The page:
Posted on Thursday February 2, 2023
zigron | 6 min read

Thread vs. Matter

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Introduction

As the world becomes increasingly digitized, the need for reliable and secure mesh networking protocols has never been greater. In this article, we’ll take a close look at the Thread and Matter protocols, two of the most popular mesh networking protocols currently in use. We’ll compare and contrast the two protocols, discuss their respective strengths and weaknesses, and explore some of the most common use cases for each. By the end of this article, you should have a good understanding of which protocol is best suited for your specific needs.

Thread Protocol

Thread is an IPv6-based low-power mesh networking protocol that was developed by Nest Labs, before being acquired by Google. It is now managed by the Thread Group. The protocol is designed to be used in products like light bulbs, door locks, security systems, thermostats, smoke alarms, and other connected devices in the home. The Thread Protocol uses a star topology with a central controller (e.g. a Thread Group Certified product) and can support up to 250 devices. The protocol utilizes AES-128 encryption for security.

Matter Protocol

Matter Protocol is an open-source, peer-to-peer network protocol designed for connecting devices in your home or office. It is based on the popular Internet Protocol (IP) and uses existing wired and wireless networks. Matter is easy to use and deploy, and more secure than other protocols because it uses end-to-end encryption. It is also scalable, supporting up to 65535 devices on a single network.

Matter was designed with security and privacy in mind from the ground up. All data is encrypted end-to-end using AES-256, meaning that not even Matter can read your data. This makes Matter one of the most secure protocols available today. Matter is also very easy to use. You can set up a Matter network in minutes, without any special training or knowledge. And because it uses existing networks like Wi-Fi and Ethernet, you don’t need to install any new hardware.

Thread and Matter Comparison

In this section, we’ll be comparing the Thread and Matter protocols. We’ll discuss how they differ in terms of power consumption, security, and node support.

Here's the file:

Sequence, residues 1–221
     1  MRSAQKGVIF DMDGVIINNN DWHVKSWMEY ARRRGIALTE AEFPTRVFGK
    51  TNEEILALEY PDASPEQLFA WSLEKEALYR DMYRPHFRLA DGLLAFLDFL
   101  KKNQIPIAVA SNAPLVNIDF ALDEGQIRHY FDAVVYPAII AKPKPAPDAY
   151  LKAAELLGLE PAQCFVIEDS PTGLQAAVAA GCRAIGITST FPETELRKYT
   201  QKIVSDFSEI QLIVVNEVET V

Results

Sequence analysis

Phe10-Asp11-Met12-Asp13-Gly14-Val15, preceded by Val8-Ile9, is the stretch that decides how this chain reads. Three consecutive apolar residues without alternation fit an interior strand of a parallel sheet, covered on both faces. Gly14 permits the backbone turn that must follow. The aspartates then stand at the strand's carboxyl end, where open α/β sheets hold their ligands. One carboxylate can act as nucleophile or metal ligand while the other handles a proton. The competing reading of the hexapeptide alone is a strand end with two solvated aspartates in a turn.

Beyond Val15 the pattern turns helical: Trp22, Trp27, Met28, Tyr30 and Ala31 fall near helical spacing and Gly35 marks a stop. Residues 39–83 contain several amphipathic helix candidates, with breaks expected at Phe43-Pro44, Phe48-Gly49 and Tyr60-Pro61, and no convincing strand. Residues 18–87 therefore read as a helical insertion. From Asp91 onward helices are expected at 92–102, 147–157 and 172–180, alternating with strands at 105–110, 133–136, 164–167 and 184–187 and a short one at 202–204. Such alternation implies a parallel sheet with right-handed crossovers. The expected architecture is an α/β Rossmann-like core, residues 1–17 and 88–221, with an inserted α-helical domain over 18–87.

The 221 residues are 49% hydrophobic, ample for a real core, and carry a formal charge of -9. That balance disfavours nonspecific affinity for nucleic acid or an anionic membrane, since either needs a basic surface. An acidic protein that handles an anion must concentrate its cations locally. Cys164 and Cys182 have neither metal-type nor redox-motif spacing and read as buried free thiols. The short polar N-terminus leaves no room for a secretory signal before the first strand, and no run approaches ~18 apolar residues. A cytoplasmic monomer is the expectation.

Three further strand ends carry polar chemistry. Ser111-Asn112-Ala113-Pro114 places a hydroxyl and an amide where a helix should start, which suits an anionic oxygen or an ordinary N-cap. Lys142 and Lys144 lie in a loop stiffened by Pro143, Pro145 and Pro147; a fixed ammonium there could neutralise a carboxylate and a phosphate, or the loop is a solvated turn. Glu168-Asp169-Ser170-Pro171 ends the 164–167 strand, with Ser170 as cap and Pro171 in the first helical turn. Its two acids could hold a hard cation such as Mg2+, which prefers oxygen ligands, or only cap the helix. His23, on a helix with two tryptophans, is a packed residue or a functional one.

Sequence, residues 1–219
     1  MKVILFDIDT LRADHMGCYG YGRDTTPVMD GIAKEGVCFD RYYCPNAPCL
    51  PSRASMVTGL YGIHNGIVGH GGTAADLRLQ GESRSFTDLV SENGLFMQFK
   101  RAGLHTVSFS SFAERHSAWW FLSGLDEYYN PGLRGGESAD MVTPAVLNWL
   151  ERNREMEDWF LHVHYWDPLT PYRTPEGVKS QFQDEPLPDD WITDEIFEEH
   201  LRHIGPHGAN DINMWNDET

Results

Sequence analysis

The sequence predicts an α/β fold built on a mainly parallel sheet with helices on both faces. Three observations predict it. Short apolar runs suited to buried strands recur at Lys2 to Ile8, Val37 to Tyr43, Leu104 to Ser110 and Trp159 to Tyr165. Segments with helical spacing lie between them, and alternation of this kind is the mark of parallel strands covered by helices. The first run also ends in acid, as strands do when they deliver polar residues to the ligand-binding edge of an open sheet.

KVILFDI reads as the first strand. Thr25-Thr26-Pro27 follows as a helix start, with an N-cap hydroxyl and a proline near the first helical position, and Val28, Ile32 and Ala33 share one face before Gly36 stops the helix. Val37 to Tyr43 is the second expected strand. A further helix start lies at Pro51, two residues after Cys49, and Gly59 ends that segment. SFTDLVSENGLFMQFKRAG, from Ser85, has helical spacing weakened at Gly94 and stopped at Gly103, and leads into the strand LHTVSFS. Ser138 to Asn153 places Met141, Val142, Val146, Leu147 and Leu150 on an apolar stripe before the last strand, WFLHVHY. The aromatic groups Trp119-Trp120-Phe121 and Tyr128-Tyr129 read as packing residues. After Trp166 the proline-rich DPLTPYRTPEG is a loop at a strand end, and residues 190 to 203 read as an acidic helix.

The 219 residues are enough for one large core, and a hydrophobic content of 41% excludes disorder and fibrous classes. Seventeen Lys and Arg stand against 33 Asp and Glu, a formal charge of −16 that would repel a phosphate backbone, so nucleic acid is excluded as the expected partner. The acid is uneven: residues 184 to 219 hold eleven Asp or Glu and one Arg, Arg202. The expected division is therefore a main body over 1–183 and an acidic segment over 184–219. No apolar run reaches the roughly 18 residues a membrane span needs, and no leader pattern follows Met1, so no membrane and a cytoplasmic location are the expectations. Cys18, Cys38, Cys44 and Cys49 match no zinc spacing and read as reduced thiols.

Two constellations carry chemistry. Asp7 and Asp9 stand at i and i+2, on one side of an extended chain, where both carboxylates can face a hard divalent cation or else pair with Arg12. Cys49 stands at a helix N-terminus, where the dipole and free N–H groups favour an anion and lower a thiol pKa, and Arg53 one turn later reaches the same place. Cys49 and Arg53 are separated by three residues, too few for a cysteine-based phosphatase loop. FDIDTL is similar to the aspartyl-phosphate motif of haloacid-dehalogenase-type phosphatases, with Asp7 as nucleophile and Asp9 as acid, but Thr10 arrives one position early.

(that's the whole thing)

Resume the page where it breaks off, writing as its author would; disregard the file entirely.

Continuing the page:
The Thread protocol is more suited for low-power applications such as smart home automation, while the Matter protocol is more suited for high-power applications such as industrial automation. On the other hand, ZigBee and Z-wave are not compatible with either Matter or Thread. Matter devices can be made compatible with Z-Wave and Zigbee by using a “Matter bridge” or a “smart home hub” that acts as an intermediary between Matter devices and Z-Wave/Zigbee devices.

The Thread protocol uses a star topology with a central controller and can support up to 250 devices. The Protocol utilizes AES-128 encryption for security. In contrast, the Matter Protocol is an open-source, peer-to-peer network protocol designed for connecting devices in your home or office. It is based on the popular Internet Protocol (IP) and uses existing wired and wireless networks.

Matter is easy to use and deploy, and more secure than other protocols because it uses end-to-end encryption. It is also scalable, supporting up to 65535 devices on a single network.

Thread and Matter Reliability

Matter is not a mesh network by design. It is Thread which gives matter mesh capability. Matter is possible both over Thread and Wi-Fi. The Thread protocol is more suited for low-power applications such as smart home automation, while the Matter protocol is more suited for high-power applications such as industrial automation.

 

In this section, we will be discussing the reliability of the Thread and Matter protocols. As mentioned before, Thread is built on the proven and reliable 802.15.4 mesh networking protocol. Additionally, Matter is based on the Zigbee 3.0 standard, which has been widely adopted in the industry. Furthermore, Thread uses AES-128 encryption for security, while Matter uses the more secure AES-256 encryption. Lastly, Thread uses COAP for message exchange, while Matter uses MQTT.

Thread and Matter Scalability

The Thread and Matter protocols offer a high degree of scalability for IoT applications. The Thread protocol can support up to 250 devices on a single network, while the Matter protocol can support up to 65,536 devices. Additionally, Thread’s 6LoWPAN-ND mesh routing protocol is optimized for low power and memory constrained devices, making it ideal for battery-operated IoT devices.

 

Matter’s use of the IPv6 over Bluetooth Low Energy (BLE) standard makes it easier to connect devices (initial commissioning or device pairing) to the internet and scale to large numbers of devices. In addition, Matter’s support for multicast and anycast addresses make it easier to manage and update large numbers of devices on the network. Lastly, Matter’s use of the MQTT protocol makes it more efficient for exchanging data between devices on the network.